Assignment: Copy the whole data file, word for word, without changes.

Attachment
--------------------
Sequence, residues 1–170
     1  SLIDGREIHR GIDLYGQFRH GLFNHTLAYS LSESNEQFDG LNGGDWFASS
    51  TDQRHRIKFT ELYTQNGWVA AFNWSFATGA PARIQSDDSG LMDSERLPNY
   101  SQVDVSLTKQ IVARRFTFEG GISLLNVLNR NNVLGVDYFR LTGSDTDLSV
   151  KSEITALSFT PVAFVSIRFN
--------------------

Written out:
Sequence, residues 1–170
     1  SLIDGREIHR GIDLYGQFRH GLFNHTLAYS LSESNEQFDG LNGGDWFASS
    51  TDQRHRIKFT ELYTQNGWVA AFNWSFATGA PARIQSDDSG LMDSERLPNY
   101  SQVDVSLTKQ IVARRFTFEG GISLLNVLNR NNVLGVDYFR LTGSDTDLSV
   151  KSEITALSFT PVAFVSIRFN